This thesis presents a comparative analysis from an accounting and tax perspective of hybrid financial instruments. The scope of this thesis is solely focused on the issue of classification of hybrid instruments and the challenges it poses to the fair view and presentation in the financial reporting. Final in the end of the thesis the most developed alternatives to the current IAS 32 are introduced. The thesis analyzes this classification issue from a normative perspective. In order to define the underlying reasons for the challenges related to classification, definitions of equity and liabilities are theoretically described for both accounting (based on international IFRS standards) and tax (based on interpretation of Danish tax legislation). Firstly, it is concluded that discrepancies between accounting and tax are based on the difference underlying rationals they are serving; where accounting perceived classification of a hybrid financial instrument from an investor-risk perspective, tax legislation is more concerned about tax-shield. Secondly, accounting defines equity as a residual of assets, whereas tax legislation is based on obligation law's definition of ownership. Furthermore, there is a widely inconsistence usage of entity or proprietary view in IAS 32, and the basic principles in IAS 32 are not aligned with the IFRS Framework. These issues challenge a fair view of the financial presentation of the tax and legal features of the hybrid financial instruments. Based on the above challenges, the thesis presents some of the alternatives that have been developed by IASB, FASB and EFRAG, and discussed whether these can solve the above challenges. Basic Ownership Approach (BOA) and Loss Absorbtion Approach (LAA) are both more or less based on legal ownership and are therefore both aligned with the tax legislation. However, BOA has been eliminated by IASB and LAA requires that the structure of the financial reporting is altered since LAA differs between equity, risk capital and liabilities. At current state no workable alternatives for the present IAS 32 exist. In order to illustrate the analysis and the challenges related to the classification issue, three cases are used throughout the thesis.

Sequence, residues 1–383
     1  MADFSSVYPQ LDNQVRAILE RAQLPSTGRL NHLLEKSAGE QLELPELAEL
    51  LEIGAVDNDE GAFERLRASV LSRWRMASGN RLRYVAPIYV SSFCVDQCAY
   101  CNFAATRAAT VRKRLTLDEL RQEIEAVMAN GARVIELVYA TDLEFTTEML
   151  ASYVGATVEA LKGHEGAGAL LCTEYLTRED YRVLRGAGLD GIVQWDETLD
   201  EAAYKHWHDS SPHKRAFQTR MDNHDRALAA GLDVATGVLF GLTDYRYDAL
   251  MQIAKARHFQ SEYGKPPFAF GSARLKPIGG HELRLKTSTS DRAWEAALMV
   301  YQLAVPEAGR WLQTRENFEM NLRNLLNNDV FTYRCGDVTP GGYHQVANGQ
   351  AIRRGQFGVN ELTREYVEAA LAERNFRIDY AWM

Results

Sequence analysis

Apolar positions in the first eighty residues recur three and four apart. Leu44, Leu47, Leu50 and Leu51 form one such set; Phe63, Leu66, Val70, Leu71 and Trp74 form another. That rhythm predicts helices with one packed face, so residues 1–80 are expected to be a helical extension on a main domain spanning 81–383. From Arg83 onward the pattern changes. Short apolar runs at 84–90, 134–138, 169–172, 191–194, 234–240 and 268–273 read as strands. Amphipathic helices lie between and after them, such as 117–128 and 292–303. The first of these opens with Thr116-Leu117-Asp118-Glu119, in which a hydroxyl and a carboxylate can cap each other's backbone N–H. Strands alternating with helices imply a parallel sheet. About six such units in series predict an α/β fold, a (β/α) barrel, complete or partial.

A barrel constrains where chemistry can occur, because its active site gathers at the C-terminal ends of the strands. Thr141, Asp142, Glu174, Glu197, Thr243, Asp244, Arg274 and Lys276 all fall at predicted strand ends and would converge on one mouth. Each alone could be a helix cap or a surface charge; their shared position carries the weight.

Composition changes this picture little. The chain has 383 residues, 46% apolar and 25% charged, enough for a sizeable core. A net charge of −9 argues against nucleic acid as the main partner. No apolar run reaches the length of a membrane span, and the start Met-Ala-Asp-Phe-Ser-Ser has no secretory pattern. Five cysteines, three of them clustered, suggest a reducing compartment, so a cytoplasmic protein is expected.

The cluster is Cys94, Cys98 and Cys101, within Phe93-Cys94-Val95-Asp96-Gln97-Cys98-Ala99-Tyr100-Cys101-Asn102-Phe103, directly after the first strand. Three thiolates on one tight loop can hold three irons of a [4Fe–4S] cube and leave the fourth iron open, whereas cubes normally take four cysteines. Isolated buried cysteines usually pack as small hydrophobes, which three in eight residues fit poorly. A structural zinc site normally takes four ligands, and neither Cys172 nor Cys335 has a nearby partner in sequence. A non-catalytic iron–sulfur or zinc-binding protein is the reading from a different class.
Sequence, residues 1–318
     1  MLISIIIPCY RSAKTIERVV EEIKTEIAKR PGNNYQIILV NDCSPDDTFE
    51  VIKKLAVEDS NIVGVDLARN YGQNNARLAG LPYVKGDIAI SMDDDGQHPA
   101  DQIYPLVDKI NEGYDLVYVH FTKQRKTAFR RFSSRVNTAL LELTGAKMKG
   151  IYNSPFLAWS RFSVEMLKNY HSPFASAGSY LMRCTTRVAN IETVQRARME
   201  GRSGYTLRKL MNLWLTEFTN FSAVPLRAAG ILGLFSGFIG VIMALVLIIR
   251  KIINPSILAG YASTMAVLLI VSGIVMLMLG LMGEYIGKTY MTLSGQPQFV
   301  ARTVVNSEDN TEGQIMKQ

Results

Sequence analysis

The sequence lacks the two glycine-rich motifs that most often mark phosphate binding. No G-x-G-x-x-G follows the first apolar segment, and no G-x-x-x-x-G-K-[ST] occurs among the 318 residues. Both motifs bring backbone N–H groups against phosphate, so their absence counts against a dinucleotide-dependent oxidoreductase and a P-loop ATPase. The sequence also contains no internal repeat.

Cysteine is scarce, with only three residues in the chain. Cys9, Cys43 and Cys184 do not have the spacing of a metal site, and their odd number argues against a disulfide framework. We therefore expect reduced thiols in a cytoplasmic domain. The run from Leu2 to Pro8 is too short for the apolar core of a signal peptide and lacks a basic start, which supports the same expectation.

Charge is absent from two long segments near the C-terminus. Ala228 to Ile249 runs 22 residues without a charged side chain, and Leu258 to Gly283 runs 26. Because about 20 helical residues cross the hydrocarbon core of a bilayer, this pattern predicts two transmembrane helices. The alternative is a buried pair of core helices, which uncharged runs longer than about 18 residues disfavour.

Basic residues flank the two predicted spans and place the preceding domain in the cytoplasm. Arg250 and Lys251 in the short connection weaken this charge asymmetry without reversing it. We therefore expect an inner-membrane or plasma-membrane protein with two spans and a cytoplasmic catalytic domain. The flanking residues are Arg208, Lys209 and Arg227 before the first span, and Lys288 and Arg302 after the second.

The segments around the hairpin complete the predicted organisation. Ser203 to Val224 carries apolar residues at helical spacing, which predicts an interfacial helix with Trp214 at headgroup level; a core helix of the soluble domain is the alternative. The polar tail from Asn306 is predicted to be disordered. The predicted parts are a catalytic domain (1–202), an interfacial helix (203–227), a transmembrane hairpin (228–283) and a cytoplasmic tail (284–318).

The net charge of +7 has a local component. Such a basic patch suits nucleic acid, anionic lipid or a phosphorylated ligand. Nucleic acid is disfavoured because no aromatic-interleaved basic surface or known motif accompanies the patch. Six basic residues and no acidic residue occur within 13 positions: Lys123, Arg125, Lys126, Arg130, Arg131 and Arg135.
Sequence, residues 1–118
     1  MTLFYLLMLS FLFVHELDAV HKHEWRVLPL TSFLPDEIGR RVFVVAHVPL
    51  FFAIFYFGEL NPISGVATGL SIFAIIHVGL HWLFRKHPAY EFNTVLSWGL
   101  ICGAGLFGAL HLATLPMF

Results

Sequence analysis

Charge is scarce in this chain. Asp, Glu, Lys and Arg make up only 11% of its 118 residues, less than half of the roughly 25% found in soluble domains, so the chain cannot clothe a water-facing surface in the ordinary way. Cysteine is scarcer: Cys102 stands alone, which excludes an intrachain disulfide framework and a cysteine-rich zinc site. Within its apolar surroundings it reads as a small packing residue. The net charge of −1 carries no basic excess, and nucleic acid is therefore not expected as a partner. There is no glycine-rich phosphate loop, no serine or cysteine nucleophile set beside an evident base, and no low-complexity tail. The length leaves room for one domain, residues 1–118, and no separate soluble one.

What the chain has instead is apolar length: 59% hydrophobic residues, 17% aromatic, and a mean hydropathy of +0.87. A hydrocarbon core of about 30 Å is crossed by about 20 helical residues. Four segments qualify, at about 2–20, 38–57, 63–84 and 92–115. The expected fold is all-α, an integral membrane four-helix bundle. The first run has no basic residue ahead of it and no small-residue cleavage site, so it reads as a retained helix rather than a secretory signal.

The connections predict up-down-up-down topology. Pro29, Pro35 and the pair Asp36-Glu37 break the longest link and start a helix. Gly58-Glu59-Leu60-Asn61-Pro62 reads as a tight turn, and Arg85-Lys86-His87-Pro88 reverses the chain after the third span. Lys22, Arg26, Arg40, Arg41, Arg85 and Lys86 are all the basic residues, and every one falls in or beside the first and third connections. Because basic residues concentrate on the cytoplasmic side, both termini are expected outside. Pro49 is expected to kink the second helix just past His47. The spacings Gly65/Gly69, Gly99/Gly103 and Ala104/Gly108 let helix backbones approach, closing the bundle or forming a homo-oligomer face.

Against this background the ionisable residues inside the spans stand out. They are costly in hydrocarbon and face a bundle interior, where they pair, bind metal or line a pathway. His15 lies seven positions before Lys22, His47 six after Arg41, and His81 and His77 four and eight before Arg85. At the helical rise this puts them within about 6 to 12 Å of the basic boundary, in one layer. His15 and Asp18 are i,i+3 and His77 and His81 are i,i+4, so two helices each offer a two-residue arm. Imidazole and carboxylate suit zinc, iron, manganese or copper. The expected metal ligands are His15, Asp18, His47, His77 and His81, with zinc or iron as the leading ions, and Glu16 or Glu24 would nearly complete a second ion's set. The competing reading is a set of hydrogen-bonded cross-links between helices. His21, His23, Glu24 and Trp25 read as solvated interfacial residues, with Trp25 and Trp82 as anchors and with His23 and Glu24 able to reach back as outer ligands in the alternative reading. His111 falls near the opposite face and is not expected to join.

|Educations||MSc in Auditing, (Graduate Programme) Final Thesis|
|Number of pages||141|